Say Li Kong, with collaborator Huipeng Li, holds one of the microfluidic chips used in the CORTAD-seq procedure.

© 2017 A*STAR Genome Institute of Singapore

Chipping away at drug resistance

30 Apr 2019

A platform for rapidly profiling mutations and gene expression offers valuable insights into cancer biology

A tumor can contain remarkable diversity, where even neighboring cells may differ greatly in terms of the mutations they contain. A device that can overcome this heterogeneity by enabling efficient analysis of both DNA and RNA in individual cancer cells has been developed by researchers led by Say Li Kong and Axel Hillmer of the A*STAR Genome Institute of Singapore.

“The simultaneous sequencing of a single cell’s genome and transcriptome is a powerful means to dissect genetic variation and its impact on gene expression,” explains Kong. Such data can enable more accurate evaluation of how tumor cells evolve over the course of disease progression and acquire resistance in response to treatment. However, most strategies for parallel analysis of DNA and RNA are overly complex and only enable screening of small numbers of cells at a time.

Kong and Hillmer developed a platform they call CORTAD-seq, short for ‘concurrent evaluation of RNA and targeted DNA sequencing.’ Much of the work is performed on a chip which contains multiple tiny fluid-filled chambers. Within these chambers, individual tumor cells are broken up and their RNA and genomic DNA are isolated and prepared for sequencing.

As a demonstration, the researchers used CORTAD-seq to study an experimental model of acquired drug resistance. They treated a cultured lung cancer cell line with gefitinib, a commonly used drug, and performed a comparative analysis of pre-exposure cells and cells collected after different durations of exposure. CORTAD-seq enabled them to analyze thousands of genes and detect genomic mutations in more than 500 individual cells. This gave intriguing insights into how cells acquire gefitinib resistance.

Many of the resistant cells studied had acquired a mutation known as T790M, which is commonly seen in patients with gefitinib-resistant tumors. However, Kong notes that getting this mutation alone did not seem to have a major impact on gene expression. “Our study did not find tremendous transcriptomic differences between cells with or without the T790M mutation,” she says, adding that this indicates that other mutations or epigenetic changes may be necessary in addition to T790M to produce complete drug resistance.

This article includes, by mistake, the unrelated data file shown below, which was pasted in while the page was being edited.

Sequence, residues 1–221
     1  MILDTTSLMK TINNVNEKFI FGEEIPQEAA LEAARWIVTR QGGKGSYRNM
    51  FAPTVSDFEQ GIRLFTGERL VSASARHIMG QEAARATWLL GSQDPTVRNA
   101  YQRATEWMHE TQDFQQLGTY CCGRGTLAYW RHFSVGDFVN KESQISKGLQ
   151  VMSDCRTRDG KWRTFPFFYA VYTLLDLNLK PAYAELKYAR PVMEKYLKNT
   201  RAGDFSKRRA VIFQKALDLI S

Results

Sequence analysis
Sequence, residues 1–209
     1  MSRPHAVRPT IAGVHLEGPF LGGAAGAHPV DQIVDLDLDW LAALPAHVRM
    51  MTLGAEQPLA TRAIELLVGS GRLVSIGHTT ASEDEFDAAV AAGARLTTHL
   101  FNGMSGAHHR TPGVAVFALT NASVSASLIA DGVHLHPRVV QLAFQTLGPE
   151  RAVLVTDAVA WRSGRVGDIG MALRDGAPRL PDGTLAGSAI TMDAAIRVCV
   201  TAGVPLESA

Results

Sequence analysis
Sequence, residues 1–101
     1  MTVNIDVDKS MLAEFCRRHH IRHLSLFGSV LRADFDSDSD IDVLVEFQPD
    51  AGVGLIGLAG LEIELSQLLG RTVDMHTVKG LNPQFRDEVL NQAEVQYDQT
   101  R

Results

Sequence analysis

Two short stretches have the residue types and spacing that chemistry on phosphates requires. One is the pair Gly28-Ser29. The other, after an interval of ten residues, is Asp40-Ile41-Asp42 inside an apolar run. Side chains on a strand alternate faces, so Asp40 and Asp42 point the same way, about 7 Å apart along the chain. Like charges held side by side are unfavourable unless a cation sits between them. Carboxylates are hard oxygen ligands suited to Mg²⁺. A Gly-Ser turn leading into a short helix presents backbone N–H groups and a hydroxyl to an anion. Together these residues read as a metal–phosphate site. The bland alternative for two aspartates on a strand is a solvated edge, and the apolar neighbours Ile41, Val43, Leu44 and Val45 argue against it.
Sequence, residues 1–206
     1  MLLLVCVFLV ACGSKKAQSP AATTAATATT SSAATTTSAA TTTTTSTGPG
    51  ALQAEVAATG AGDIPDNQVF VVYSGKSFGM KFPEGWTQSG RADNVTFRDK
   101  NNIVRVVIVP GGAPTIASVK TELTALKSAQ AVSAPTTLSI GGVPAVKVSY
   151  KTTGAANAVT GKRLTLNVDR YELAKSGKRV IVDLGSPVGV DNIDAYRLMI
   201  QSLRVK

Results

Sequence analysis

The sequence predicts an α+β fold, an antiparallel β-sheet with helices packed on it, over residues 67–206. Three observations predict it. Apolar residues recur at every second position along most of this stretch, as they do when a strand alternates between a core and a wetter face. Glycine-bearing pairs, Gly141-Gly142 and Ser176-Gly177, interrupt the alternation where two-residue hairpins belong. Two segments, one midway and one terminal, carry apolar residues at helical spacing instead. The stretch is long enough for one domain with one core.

Kong is now looking to evaluate the performance of CORTAD-seq in a variety of other tumor cell types, but also hopes that other groups will take the opportunity to test this method for themselves. “With its simplicity, moderate reagent costs, easy accessibility and excellent data quality, CORTAD-seq could potentially benefit a broad community of researchers,” she says.

The A*STAR-affiliated researchers contributing to this research are from the Genome Institute of Singapore. For more information about the team’s research, please visit the Hillmer lab webpage.

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Kong, S.L., Li, H., Tai, J.A., Courtois, E.T., Poh, H.M. et al. Concurrent single-cell RNA and targeted DNA sequencing on an automated platform for comeasurement of genomic and transcriptomic signatures. Clinical Chemistry 65, 272–281 (2019). | article

About the Researchers

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Say Li Kong

Research Associate

Genome Institute of Singapore
Say Li Kong is a Research Associate in the Translational Research group at A*STAR's Genome Institute of Singapore. Her research interests include: circulating tumor cell and cell-free DNA, single-cell genomics, cancer genomics, translational medicine, transcription regulation.
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Axel Hillmer

Group Leader

Genome Institute of Singapore
Axel Hillmer obtained his PhD degree in Biology from the University of Bonn, Germany. In 2008, he joined A*STAR’s Genome Institute of Singapore (GIS), where he started work on cancer genomics. He established his own group in 2011, focusing on genomic changes that contribute to cancer development, disease progression and treatment resistance. Hillmer moved back to Germany in 2016 but remains affiliated with GIS as an Adjunct Group Leader.

This article was made for A*STAR Research by Nature Research Custom Media, part of Springer Nature